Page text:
Balancing the Tension: Current Topics in Executive Compensation

Ira Kay is a Managing Partner at Pay Governance LLC. This post is based on a Pay Governance publication by Mr. Kay, Steve Pakela and Lane Ringlee. Related research from the Program on Corporate Governance includes Paying for Long-Term Performance by Lucian Bebchuk and Jesse Fried (discussed on the Forum here).

Executive compensation programs at major U.S. companies are crucial for economic success—both for the companies and the economy at large. The topic is complex and controversial, however, with criticisms aimed at the magnitude of pay packages and purported misalignment of compensation with corporate performance and shareholder returns. This contentious environment has been exacerbated by a confluence of proxy advisor influence, regulatory oversight, union criticism, and media scrutiny. The broader income inequality narrative has drawn attention to the compensation provided to U.S. company leadership, exposing companies, boards, and executives to reputational risk. As a result, compensation committees are increasingly struggling to “balance the tension,” motivating executives to increase shareholder value in this regulatory and economic environment.

On the one hand, these committees are chartered by boards to provide oversight and guidance for programs designed to attract, retain, and motivate skilled leadership in order to develop and implement strategies that will enhance the value of shareholder investments. To supplement requisite disclosure of pay programs, issuer proxy disclosures now routinely describe committees’ reactions to “Say on Pay” votes, insight from shareholder outreach efforts on executive pay issues, and performance attributes that justify pay outcomes. Every year, the “bar” for disclosing pay programs through the compensation discussion and analysis (CD&A) section of the proxy ratchets higher. With greater disclosure comes a greater risk of pay decisions.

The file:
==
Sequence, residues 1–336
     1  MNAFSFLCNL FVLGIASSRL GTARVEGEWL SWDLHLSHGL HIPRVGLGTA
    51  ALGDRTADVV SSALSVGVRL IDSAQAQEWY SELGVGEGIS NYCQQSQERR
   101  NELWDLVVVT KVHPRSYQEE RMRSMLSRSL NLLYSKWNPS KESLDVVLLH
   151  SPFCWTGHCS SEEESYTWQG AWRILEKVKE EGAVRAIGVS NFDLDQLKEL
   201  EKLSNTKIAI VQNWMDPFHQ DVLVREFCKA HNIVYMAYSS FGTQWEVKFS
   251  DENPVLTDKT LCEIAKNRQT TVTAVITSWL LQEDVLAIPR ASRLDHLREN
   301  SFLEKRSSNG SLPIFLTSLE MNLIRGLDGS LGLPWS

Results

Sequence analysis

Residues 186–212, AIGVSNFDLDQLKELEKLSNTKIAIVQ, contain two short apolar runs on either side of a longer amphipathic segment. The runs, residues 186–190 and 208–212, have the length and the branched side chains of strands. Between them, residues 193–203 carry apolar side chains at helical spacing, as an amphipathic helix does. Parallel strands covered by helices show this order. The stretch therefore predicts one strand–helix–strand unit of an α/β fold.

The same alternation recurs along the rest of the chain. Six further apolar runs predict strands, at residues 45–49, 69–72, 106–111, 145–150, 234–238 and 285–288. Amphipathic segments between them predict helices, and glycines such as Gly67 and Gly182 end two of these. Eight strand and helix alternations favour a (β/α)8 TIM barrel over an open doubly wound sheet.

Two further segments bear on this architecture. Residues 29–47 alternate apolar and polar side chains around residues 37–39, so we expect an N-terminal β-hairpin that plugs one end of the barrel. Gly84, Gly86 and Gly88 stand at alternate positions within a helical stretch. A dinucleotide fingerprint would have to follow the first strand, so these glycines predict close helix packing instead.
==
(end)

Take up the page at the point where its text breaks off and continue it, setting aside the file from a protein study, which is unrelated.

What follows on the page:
On the other hand, these committees must skillfully navigate the proxy advisory firms’ pay-for-performance rubric—primarily Institutional Shareholder Services (ISS) and Glass Lewis—as well as institutional investors’ proxy voting guidelines. These often differ, sometimes even contradicting each other, complicating the balancing act committees must endure. Additionally, the proposed and final Dodd-Frank regulations challenge compensation committees due to enhanced disclosures of CEO pay versus employee pay (“CEO Pay Ratio”) and CEO pay versus performance.

Pay Governance’s latest book, Balancing the Tension (2017), provides guidance for committee members on current topics related to the importance of appropriately designing, administering, and governing executive/board compensation programs in this challenging environment. This book is aimed at providing invaluable insights into the ongoing debate on executive compensation, drawing from the experience and research of Pay Governance’s Partners and staff. In addition, the book includes research on current compensation design trends across the major industry sectors of manufacturing, utility, banking, and more.

Contemporary issues that are addressed in the book’s chapters include:

  • What are compensation committees’ key responsibilities?
  • How can one resist the trend toward “one-size-fits-all” compensation design due to standardized proxy advisory group policies?
  • Which definition of “pay” has the greatest alignment with total shareholder return?
  • Is there a relationship between stock buybacks, managerial behavior, and executive pay?
  • How should companies adjust incentive programs and stock-based awards in times of declining firm performance?
  • How can a compensation committee best incorporate discretion in determining incentive awards?
  • How is compensation changing for boards of directors, and what can be expected in the future?
  • What are the key compensation considerations for companies preparing for a spin-off transaction?

Despite the potential for regulatory reform, the executive pay environment represents an era of increased risk for companies and committee members and will remain extraordinarily challenging for committees. Pay Governance’s Balancing the Tension rises to the challenge through strong governance practices, thoughtful issue deliberation, and leading analytic processes.

The book is available for download here.

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